"...Why has Putin offered such steadfast support to Assad? On the surface, Moscow seems to profit from exporting arms to Syria, and it depends on the regime’s good will to maintain Russian access to a naval facility at the Mediterranean port of Tartus. But these are marginal and symbolic interests. Putin is really motivated to support the Assad regime by his fear of state collapse -- a fear he confronted most directly during the secession of Russia’s North Caucasus republic of Chechnya, which he brutally suppressed in a bloody civil war and counterinsurgency operation fought between 1999 and 2009. (In Russia, the republics are semi-autonomous federal units comprising the historic territories of the country’s non-ethnic Russian groups.) In a series of interviews he gave in 2000 for an authorized biography, Putin declared that “the essence of the ... situation in the North Caucasus and in Chechnya ... is the continuation of the collapse of the USSR.... If we did not quickly do something to stop it, Russia as a state in its current form would cease to exist.... I was convinced that if we did not immediately stop the extremists [in Chechnya], then in no time at all we would be facing a second Yugoslavia across the entire territory of the Russian Federation -- the Yugoslavization of Russia.” And we know how Putin feels about the demise of the Soviet Union; in 2005 he called it “the greatest geopolitical catastrophe of the [twentieth] century,” a comment that was meant to bemoan the collapse of the Soviet state rather than the demise of communism. ..."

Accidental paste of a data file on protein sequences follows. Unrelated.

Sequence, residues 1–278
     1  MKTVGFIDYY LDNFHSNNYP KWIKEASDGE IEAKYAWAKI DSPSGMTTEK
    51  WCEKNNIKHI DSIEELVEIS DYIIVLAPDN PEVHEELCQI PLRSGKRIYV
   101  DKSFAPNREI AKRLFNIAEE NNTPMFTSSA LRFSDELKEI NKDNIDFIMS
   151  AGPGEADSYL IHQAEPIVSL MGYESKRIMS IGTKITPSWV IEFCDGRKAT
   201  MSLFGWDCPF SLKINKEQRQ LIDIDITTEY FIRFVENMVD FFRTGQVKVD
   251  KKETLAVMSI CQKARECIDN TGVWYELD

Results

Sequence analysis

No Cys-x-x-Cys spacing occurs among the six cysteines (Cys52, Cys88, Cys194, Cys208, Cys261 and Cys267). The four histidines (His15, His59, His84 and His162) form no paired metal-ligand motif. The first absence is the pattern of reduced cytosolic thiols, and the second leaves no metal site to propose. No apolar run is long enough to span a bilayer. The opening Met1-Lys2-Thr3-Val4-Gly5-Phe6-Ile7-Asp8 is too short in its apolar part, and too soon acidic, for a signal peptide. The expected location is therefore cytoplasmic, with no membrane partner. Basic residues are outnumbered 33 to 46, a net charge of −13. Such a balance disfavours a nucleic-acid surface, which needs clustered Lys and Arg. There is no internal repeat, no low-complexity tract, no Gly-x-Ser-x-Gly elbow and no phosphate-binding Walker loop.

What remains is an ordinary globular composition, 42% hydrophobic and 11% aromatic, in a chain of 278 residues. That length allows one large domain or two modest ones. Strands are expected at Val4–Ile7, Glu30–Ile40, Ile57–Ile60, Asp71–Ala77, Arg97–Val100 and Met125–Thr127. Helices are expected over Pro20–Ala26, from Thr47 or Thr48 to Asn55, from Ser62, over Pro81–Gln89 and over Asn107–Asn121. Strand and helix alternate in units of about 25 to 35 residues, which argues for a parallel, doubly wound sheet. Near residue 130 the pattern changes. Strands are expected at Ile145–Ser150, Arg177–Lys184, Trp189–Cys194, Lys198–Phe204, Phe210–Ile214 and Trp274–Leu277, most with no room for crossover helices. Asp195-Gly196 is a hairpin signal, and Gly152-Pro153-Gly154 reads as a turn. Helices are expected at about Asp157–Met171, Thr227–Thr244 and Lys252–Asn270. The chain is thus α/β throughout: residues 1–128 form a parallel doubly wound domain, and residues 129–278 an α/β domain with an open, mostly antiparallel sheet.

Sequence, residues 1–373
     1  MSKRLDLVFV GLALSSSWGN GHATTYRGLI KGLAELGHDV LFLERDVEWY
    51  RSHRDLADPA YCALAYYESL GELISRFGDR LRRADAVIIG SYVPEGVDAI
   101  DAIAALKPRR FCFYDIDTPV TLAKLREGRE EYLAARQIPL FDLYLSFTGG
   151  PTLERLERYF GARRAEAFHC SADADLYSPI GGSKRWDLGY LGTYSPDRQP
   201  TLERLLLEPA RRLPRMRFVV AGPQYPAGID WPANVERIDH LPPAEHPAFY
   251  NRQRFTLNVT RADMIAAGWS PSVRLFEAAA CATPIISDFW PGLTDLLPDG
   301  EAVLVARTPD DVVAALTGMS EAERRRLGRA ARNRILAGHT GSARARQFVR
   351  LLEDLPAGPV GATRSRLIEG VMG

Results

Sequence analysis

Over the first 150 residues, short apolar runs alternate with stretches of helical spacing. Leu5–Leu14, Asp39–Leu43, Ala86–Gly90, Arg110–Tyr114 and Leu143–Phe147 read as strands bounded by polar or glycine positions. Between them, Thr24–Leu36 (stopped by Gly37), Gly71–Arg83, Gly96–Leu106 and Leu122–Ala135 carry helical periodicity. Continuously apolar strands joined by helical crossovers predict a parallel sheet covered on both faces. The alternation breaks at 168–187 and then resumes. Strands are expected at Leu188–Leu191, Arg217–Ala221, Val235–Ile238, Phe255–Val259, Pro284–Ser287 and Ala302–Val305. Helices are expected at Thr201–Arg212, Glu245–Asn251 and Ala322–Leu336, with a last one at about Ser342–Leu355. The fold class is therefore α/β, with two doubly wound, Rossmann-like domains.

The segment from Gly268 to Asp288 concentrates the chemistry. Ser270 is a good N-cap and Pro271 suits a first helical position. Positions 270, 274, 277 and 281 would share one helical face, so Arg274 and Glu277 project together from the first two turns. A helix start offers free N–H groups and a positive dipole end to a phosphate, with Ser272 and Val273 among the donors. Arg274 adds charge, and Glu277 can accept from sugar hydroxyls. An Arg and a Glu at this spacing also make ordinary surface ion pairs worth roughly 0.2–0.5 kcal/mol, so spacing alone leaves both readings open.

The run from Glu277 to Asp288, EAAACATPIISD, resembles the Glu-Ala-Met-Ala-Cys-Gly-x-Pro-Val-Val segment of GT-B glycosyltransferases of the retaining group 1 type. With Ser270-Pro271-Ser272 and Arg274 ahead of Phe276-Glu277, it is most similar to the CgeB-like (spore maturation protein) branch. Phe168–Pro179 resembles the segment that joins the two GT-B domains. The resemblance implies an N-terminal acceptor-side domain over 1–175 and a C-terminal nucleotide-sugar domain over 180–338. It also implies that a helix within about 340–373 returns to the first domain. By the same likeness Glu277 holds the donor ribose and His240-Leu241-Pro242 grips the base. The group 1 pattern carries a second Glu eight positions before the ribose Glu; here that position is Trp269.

Monday, April 1, 2013
Posted by G, M, Z, or B at 11:27 AM